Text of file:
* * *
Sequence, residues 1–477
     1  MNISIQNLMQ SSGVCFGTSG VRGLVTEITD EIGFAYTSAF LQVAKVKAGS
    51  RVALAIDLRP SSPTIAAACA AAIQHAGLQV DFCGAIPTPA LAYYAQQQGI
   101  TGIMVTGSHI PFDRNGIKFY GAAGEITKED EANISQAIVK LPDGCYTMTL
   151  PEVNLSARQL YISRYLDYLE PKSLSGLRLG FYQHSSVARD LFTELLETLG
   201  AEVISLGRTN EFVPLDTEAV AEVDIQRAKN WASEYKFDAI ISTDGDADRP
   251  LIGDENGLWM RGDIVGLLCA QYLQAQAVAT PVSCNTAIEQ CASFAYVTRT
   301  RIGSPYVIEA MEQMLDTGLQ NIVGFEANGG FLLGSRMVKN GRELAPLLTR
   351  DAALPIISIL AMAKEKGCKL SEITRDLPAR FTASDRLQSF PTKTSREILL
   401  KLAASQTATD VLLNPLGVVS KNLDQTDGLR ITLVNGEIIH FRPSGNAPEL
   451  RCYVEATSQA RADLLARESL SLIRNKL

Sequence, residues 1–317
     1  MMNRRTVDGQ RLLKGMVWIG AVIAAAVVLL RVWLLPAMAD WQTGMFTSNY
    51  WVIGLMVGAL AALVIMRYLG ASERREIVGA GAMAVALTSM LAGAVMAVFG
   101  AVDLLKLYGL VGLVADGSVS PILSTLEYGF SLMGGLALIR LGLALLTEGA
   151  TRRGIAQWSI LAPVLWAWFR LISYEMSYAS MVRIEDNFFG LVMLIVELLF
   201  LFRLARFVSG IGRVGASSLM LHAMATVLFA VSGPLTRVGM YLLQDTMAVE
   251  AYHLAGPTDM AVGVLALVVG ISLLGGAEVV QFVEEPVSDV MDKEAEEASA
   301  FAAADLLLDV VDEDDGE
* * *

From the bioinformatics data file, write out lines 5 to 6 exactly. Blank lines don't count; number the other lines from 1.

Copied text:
   151  PEVNLSARQL YISRYLDYLE PKSLSGLRLG FYQHSSVARD LFTELLETLG
   201  AEVISLGRTN EFVPLDTEAV AEVDIQRAKN WASEYKFDAI ISTDGDADRP